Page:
When the Sun King first ascends to the throne, Paris, France is far from celestial. At the start of Louis XIV’s reign, the streets are filthy and dangerous, with nobility getting robbed at night. To combat the crime wave sweeping his nation, Louis appoints Nicolas de La Reynie as Paris’s first chief of police. One of La Reynie’s first acts: to install the street lamps that help make Paris into the “City of Light” we know and love today. However, things aren’t much improved behind closed doors: people in even the most respectable households are dying painful deaths under mysterious circumstances. It is a time when residents of the City of Love know no limits in matters of the heart—or of gaining inheritances. Some of the more dangerous methods they resort to include shirts washed in arsenic, goblets coated with toad venom, and cups tainted by diamond powder meant to lacerate the organs of anyone unfortunate enough to ingest it.
In CITY OF LIGHT, CITY OF POISON, Holly Tucker takes a deep dive into La Reynie’s meticulous documentation of the scandal at the center of Louis XIV’s reign, retracing the deliberations of the secret tribunal Louis convened to tell contemporary readers the thrilling story that Louis tried to bury—a story of poison, torture, lovers, witches, satanic priests, and aristocratic ladies resorting to evil.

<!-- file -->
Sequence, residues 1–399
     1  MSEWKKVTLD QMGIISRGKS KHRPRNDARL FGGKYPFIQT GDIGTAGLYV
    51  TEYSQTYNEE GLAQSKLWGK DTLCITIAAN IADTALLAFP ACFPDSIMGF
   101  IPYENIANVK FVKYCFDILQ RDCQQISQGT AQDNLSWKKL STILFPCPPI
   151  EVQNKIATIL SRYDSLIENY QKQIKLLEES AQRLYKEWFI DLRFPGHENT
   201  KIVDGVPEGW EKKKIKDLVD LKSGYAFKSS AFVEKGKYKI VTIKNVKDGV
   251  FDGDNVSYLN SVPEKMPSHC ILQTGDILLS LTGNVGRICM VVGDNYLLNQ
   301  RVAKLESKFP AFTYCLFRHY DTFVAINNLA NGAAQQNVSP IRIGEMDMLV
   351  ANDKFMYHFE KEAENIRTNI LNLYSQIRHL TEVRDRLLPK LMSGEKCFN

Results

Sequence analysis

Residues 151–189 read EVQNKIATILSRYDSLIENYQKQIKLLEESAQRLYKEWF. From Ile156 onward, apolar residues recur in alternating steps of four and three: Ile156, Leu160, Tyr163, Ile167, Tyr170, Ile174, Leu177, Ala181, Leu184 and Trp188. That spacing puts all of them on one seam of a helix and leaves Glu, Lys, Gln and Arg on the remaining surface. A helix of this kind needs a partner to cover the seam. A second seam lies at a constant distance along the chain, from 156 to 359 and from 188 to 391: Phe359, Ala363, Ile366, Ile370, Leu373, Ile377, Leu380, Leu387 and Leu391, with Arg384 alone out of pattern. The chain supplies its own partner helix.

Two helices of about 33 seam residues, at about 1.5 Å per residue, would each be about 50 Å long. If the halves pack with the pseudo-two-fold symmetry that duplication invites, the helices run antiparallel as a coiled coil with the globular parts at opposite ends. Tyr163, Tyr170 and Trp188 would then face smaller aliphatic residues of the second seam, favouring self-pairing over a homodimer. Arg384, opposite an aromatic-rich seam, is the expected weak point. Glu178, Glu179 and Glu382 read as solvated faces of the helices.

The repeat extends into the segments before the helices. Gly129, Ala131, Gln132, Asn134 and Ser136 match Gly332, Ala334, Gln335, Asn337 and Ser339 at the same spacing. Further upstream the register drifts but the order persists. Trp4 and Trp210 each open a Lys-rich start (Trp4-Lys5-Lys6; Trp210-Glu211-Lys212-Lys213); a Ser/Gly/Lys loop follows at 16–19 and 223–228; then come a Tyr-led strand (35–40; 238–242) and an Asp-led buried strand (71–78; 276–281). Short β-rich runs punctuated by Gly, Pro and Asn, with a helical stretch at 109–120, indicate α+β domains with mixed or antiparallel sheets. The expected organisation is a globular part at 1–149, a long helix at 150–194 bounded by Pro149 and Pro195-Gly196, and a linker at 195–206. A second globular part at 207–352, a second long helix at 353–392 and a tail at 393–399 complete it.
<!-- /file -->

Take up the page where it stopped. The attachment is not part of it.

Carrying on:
As La Reynie discovered, not even the Sun King himself was outside the reach of the nefarious plots swirling around seventeenth-century Paris. It seemed half of Paris was caught up in the twisted criminal web, with the dogged La Reynie willing to torture the accused to understand the extent of the Parisian murder spree before it might touch the king. Aristocratic men and women feared being thrown in prison if they so much as had their fortune told by one of the well-known practitioners of magic who were found to be responsible for far more dastardly deeds. Even Louis would be torn between fear for his own life and love for his current and former mistresses, for whom he had a notorious—and expensive—soft spot, when the ranks of the accused swelled to encompass some shockingly intimately placed members of his court.
Tucker proves a brilliant guide to the winding streets and hallowed halls of Louis XIV’s France, from the dark corners of Montorgeuil and the legendary Parisian cathedrals where ungodly rituals and acts were performed to the gilded halls of Versailles. Her thorough research and lively voice bring these vivid, compelling, and sometimes-appalling characters to life as she tells an almost-unbelievable story for which Louis XIV thought he had burned all the evidence.